Monday, November 21, 2005
Opal (Kalliope Stage)
Kalliope Stage does area premiere of ‘OPAL’
‘OPAL,’ the Richard Rodgers and AT&T Award-winning musical by Robert Lindsey Nassif, is getting its local premiere at Kalliope Stage. Nassif ,who penned the book, music and lyrics, is known to Cleveland audiences for his authorship of ‘HONKY TONK HIGHWAY,’ and ‘ ELIOT NESS IN CLEVELAND,’ which had local productions.
Opal is a full-length musical in one long act, that explores a young girl's attempt to "make earth glad" by helping those around her fulfill their needs and desires. Billed as the true story of Francoise D'Orleans, who, as a child, was shipwrecked off the Oregon coast. It is a bittersweet story that supposedly grew out of Francoise's own diary entries.
The reality, however, was that ten months after the diary was published, D’Orleans was accused of fraud. Critics said she fabricated her biography, especially her claims that she was adopted by the Whiteleys and that her parents were actually French aristocracy. She was also accused of writing the diary as an adult, not when she was a child.
After the untruthful revelations, Opal fled America and was found in England more than 20 years later wandering through the rubble and burned-out buildings left in the wake of World War II. She was committed to an insane asylum, identified as Schizophrenic, and remained there the rest of her life. She died in 1992, just weeks before the New York debut of the musical based on her writings.
No matter the veracity of the tale, the bottom line is that Opal’s story is compelling, mysterious and tragic.
The play opens with the shipwreck and illustrates what happens when Francoise is taken in by The Mamma, an embittered woman. The child, who believes her parents will come back one day, is given the name Opal, the same name as The Mamma’s dead daughter. To psychologically survive, Francoise creates a world of fantasy which includes naming things by cultural connections in her background. For example, she names her pet pig “Peter Paul Rubens.” She gives nicknames to the people of the town: “the thought-girl with far away look in her eyes,” “the girl that has no seeing,” and “the man that wears gray neckties.” Her extraordinary imagination affects the lives of those around her.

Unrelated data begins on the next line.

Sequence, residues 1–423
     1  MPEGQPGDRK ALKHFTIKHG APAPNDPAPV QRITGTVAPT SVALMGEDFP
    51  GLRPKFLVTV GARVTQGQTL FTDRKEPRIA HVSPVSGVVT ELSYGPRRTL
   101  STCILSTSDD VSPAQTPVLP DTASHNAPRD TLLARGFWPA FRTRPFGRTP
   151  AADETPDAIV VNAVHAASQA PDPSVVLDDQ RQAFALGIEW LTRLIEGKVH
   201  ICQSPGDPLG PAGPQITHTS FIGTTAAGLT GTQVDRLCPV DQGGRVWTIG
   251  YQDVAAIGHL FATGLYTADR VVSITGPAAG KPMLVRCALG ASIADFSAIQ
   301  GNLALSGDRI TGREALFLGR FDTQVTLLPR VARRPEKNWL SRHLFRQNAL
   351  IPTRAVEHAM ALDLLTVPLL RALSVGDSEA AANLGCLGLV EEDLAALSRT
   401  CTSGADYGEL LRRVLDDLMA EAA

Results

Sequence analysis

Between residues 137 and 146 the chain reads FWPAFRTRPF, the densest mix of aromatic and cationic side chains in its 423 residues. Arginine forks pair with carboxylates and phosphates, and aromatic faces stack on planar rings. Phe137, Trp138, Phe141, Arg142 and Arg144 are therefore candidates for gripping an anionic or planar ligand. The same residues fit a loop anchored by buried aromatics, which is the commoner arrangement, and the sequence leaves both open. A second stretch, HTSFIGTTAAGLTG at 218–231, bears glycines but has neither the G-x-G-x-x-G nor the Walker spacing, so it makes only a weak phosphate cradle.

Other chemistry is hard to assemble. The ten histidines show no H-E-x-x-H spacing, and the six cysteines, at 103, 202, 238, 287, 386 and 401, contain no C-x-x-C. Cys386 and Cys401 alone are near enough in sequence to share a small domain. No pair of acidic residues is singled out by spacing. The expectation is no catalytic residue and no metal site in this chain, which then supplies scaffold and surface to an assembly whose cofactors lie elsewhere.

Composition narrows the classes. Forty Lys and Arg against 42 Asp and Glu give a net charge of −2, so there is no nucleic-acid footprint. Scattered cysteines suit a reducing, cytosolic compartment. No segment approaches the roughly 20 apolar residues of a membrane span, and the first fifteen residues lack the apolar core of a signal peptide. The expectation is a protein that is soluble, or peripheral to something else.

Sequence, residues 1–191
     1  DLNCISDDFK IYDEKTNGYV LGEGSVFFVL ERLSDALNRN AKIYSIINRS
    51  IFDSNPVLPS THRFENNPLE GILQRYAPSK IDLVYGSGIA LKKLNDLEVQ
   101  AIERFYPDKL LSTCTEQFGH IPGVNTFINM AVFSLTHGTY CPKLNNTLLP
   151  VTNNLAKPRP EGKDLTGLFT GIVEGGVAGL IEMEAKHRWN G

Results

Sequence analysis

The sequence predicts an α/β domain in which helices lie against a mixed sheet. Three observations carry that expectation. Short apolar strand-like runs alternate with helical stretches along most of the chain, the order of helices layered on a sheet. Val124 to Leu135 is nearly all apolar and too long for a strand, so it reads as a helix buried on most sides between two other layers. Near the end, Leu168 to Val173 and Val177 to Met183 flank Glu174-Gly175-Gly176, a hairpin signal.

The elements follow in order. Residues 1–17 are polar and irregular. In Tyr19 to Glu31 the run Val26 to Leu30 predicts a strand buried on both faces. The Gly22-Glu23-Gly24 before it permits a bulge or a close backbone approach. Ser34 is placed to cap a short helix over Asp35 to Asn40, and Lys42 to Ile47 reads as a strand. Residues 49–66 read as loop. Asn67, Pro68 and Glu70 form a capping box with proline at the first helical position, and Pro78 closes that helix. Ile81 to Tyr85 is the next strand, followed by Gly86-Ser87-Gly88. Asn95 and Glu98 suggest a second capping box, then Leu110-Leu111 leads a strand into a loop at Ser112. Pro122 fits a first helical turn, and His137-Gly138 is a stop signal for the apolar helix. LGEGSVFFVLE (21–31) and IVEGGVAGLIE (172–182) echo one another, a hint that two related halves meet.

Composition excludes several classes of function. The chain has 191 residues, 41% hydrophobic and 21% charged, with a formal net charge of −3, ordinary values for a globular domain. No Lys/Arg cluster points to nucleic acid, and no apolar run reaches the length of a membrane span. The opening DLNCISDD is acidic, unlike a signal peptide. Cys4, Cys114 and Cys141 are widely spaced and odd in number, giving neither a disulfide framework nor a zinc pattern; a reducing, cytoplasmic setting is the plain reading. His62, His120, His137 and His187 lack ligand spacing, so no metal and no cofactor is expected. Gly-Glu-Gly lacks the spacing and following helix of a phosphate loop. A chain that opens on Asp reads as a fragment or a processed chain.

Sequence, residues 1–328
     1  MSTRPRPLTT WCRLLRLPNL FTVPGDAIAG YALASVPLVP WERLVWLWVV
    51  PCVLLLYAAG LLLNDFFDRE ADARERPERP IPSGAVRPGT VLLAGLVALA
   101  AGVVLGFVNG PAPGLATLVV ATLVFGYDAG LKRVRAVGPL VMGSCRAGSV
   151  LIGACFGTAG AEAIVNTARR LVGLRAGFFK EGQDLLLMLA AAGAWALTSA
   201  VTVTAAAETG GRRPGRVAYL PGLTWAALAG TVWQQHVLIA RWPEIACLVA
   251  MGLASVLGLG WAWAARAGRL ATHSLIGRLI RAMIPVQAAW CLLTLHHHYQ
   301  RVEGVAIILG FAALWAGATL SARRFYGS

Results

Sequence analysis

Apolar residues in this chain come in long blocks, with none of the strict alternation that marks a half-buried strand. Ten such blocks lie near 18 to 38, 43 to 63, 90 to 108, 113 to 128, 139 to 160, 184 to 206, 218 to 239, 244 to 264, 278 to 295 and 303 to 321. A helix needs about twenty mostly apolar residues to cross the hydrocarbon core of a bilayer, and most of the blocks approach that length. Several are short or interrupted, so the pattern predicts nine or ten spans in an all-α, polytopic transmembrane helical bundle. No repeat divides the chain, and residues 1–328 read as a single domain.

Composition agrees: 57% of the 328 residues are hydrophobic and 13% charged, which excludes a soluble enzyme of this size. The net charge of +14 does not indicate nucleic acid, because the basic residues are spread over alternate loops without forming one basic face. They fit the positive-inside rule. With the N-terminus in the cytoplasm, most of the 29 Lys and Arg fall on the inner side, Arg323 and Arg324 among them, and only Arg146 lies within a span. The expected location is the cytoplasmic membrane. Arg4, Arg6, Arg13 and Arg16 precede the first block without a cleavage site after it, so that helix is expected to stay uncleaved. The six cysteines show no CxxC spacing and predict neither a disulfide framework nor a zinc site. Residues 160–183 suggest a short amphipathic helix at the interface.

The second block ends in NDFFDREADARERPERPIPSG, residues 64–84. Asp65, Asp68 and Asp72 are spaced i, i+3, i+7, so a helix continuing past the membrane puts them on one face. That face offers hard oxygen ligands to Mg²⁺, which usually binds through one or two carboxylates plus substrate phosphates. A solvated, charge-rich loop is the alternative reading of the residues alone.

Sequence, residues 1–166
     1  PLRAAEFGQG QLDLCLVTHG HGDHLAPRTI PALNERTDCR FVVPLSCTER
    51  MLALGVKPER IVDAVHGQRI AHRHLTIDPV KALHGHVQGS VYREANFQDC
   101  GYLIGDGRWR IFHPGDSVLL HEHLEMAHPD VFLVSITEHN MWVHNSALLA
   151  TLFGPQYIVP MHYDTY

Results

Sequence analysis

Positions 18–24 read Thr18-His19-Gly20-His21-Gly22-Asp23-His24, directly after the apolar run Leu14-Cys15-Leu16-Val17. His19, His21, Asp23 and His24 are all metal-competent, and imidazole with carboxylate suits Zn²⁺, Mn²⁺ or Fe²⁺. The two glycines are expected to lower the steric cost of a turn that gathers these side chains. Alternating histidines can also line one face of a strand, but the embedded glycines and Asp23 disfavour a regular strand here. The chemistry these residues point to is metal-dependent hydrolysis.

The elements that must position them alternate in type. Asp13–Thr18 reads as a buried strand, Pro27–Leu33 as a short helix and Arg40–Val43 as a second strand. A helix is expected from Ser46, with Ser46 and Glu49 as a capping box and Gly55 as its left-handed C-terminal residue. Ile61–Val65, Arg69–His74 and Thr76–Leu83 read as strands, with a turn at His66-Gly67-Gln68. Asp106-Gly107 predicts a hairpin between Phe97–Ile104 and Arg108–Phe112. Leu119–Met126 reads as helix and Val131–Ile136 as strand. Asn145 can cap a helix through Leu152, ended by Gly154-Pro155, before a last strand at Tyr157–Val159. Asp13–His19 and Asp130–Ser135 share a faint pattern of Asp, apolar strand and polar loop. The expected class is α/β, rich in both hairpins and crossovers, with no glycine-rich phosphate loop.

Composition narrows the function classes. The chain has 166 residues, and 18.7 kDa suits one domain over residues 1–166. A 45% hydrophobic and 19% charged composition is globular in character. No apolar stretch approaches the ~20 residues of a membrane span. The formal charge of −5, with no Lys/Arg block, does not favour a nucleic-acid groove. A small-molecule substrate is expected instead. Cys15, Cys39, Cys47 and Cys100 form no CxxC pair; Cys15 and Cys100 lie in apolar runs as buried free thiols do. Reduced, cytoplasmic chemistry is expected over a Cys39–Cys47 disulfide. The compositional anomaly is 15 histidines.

This isn’t the traditional musical theatre feel-good fluff story with a neatly packaged happy ending. This is a story that is a mix of happiness and sorrow.
Kalliope Stage’s production, under the adept directing of Paul F. Gurgol, is generally excellent. Gurgol does a masterful job of using the theatre’s small stage to its maximum. He has cast members linger around the stage, doing various tasks such as needle-point, knitting, and sawing wood to the best effect. The scenes flow well and transition effectively. The pacing is excellent. The opening storm scene is quite realistic and his creation of visual pictures, such as the human tree, is impressive.
There are some very strong performances. Marla Berg as Sadie McKibben, the washer woman who befriends Opal, has a fine singing voice and develops a clear character. Kris Comer, the blind girl, creates a perfect image of a woman who is vulnerable and in need of love. Scott Posey has a powerful voice and also hits all the acting notes right as The Shy Man that Wears Gray Neckties. His future bride, The Thought-Girl with the Far Away Look in her Eyes, is nicely developed and sung by Jodi Brinkman. Each of the narrators is effective.
On the other hand, Ayeshah Douglas as The Mamma fails to texture her role. Her lines often miss depth of meaning and she acts, rather than reacts to Opal and the other characters.
Evaluating a play that has a child lead is often a difficult task. No matter the quality of character development and singing abilities, it is expected that the child, due to her age, is to be judged as “wonderful.” However, I feel that it is unfair to use one criteria for the rest of the cast and another for child actors, especially ones in musicals like ‘ANNIE,’ ‘OLIVER,’ and ‘OPAL’ where they are the pivotal centers of the show. With that said, eleven year-old Dani Apple makes for an acceptable Opal. She has a nice singing voice. Her acting is not quite as good. She often says lines, rather than creating meanings. Her speaking voice sometimes gets into the high registers which is hard on the ears. Gurgol needed to work with her on emotional development which stretched beyond yelling when she was distraught, and looking directly into the eyes of other characters as she speaks.
The choral work is excellent as are the musical sounds created by Brad Wyner and Anthony Ruggiero. Russ Borski’s set design is effective and Lance Switzer’s lighting works well.
CAPSULE JUDGEMENT: ‘OPAL’ is an arresting play that gets a very good production at Kalliope Stage.